Aspirin: Friend Or Foe?
An aspirin a day keeps heartache at bay
As a dental hygienist, I frequently see patients who are taking aspirin. What do you think patients need to know about the influence of aspirin on oral and general health?
Aspirin, acetylsalicylic acid ASA, is the most widely used over-the-counter (OTC) medication in the U.S. People take aspirin for its anti-inflammatory, pain relieving and fever reducing properties. Aspirin is the drug of choice for relieving mild to moderate pain, such as pain associated with headache and menstrual cramps. It is also used in combination with other pain relievers for migraine headaches and prescription medications for relief of moderate to severe pain.
Aspirin works by blocking the formation of “prostaglandins,” chemicals named for their discovery in the prostate gland, and which are responsible for their role in inflammation. Trauma or injury initiates inflammation, and damaged tissues become red, swollen and painful. We take aspirin to both reverse these symptoms and to control discomfort.
In addition to prostaglandins associated with inflammation, our body also makes others that protect cells and tissues. For example, protective prostaglandins keep the kidneys healthy and form an important barrier that protects the stomach lining from the acid that it normally produces to aid in digestion.
Unfortunately, when aspirin is taken to reverse inflammation, it blocks the formation of protective prostaglandins as well. This leads to unwanted side effects, such as gastrointestinal GI (“gastro” – stomach; “intestinal” – gut) bleeding and ulceration, and kidney damage, which are especially associated with long-term use. This explains why it is difficult to take aspirin over extended periods of time for chronic inflammatory conditions such as rheumatoid or osteoarthritis.
Aspirin also produces effects on platelets, the tiny plate-like shaped structures in blood that aid in clotting. When a blood vessel is damaged or cut, the platelets stick together and to the site of the injury to control bleeding. Aspirin prevents platelets from sticking and clumping together, which in a healthy individual can cause prolonged bleeding, bruising and the possible risk of hemorrhage. However, this is exactly why aspirin is beneficial for protecting people who are at risk for heart attack and/or stroke. In an individual at-risk for cardiovascular disease (“cardio” – heart; “vascular” – blood vessel), aspirin helps to keep the blood moving freely through narrowed or damaged blood vessels. In fact, aspirin is used for the primary prevention of heart attacks and strokes.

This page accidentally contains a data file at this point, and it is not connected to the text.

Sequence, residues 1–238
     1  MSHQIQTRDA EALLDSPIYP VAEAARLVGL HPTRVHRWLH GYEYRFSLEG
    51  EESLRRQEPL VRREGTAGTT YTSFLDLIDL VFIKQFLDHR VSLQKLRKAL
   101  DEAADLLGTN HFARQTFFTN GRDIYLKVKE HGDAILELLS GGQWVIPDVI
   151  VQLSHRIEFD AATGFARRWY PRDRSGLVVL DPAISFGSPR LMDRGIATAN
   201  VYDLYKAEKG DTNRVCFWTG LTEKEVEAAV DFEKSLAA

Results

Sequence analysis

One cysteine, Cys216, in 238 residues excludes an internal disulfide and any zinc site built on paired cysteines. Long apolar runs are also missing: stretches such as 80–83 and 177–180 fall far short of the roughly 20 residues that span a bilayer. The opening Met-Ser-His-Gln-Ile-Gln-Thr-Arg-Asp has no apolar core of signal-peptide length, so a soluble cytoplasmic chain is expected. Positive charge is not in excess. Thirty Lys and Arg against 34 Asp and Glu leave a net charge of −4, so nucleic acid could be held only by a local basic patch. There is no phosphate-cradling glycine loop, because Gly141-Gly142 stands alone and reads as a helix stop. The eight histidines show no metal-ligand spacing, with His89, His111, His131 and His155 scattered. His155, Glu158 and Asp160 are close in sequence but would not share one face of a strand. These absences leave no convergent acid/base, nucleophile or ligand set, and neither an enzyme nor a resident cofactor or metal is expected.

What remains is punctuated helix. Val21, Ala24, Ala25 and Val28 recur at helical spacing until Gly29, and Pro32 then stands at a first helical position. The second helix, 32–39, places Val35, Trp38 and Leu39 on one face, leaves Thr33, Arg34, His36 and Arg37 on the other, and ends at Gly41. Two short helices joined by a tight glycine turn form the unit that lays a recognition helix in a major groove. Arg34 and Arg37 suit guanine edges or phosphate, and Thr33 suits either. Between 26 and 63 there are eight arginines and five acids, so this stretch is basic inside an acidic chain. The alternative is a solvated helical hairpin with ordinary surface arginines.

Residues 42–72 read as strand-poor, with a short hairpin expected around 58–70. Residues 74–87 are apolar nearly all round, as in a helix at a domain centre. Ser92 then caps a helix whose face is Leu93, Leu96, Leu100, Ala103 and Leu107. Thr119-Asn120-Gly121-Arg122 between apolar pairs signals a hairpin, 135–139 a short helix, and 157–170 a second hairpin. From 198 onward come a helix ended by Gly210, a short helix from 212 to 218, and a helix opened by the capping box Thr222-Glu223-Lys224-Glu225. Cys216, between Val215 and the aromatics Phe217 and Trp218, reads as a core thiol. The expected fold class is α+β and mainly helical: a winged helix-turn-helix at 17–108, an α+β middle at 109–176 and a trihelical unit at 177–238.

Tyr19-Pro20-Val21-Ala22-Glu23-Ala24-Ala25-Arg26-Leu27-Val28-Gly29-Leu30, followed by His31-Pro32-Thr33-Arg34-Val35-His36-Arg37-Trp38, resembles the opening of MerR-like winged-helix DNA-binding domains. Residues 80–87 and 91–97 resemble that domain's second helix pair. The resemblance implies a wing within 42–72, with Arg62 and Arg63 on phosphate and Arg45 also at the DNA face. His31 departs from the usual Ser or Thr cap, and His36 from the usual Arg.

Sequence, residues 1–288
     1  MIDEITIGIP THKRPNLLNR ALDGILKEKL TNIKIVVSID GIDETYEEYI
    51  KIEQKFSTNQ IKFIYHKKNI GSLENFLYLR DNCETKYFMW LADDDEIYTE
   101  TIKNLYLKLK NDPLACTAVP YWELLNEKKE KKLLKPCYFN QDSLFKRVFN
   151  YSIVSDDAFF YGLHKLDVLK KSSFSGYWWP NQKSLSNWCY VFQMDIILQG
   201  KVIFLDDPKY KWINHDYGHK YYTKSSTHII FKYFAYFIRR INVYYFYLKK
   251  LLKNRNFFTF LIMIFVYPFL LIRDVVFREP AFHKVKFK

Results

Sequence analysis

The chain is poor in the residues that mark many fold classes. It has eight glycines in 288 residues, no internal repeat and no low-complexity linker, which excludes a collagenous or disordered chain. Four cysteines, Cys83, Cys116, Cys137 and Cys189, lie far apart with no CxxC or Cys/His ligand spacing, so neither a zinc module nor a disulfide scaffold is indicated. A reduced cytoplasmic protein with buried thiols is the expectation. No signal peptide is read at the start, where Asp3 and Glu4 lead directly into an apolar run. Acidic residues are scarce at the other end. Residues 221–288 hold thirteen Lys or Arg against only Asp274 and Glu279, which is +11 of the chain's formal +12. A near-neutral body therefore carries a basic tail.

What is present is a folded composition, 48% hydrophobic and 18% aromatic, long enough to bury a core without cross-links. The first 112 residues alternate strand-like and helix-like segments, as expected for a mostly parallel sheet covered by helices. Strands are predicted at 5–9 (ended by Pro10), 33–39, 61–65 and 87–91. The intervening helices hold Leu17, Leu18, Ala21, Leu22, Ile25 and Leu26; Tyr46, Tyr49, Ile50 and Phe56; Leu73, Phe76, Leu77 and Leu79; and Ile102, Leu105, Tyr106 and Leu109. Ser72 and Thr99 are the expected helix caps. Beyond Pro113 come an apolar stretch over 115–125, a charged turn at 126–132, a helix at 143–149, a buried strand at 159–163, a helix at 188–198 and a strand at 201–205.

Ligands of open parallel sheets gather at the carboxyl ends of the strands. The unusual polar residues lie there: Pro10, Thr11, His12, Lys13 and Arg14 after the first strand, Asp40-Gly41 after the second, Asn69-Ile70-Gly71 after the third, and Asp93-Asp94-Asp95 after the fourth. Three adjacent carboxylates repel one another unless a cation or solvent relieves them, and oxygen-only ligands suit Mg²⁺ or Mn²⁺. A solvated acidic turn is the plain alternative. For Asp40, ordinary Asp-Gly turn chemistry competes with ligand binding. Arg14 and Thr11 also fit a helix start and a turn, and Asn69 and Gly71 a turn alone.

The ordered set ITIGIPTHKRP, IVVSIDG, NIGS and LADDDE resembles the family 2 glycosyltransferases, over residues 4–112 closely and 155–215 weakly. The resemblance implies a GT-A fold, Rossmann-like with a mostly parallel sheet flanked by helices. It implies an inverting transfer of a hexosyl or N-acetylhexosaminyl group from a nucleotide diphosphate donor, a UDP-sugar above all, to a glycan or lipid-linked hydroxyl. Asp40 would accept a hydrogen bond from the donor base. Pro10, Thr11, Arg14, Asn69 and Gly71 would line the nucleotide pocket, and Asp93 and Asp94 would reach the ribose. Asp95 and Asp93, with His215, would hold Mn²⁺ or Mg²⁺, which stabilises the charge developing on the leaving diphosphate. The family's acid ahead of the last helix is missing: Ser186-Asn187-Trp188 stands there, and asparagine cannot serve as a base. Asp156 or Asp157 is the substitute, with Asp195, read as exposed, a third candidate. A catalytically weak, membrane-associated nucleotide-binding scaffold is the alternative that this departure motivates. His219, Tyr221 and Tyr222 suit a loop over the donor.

Always inform your medical and dental professionals if you are taking aspirin, including how much and how often you take it.
Aspirin Friend Or Foe
Aspirin taken at a low dose of 81 mg (“baby” aspirin) has been shown to significantly reduce the risk of non-fatal heart attacks and strokes, and cardiovascular death. However, despite cardiovascular risk reduction, patients taking aspirin are also at a higher risk for unwanted bleeding, including risk for strokes caused by hemorrhage in the brain. It is important to remember that strokes can be caused by occluded (blocked) blood vessels or by ruptured blood vessels in the brain. Therefore a patient's physician must weigh the cardiovascular benefits of taking aspirin against the risks of unwanted bleeding in individuals with cardiovascular disease.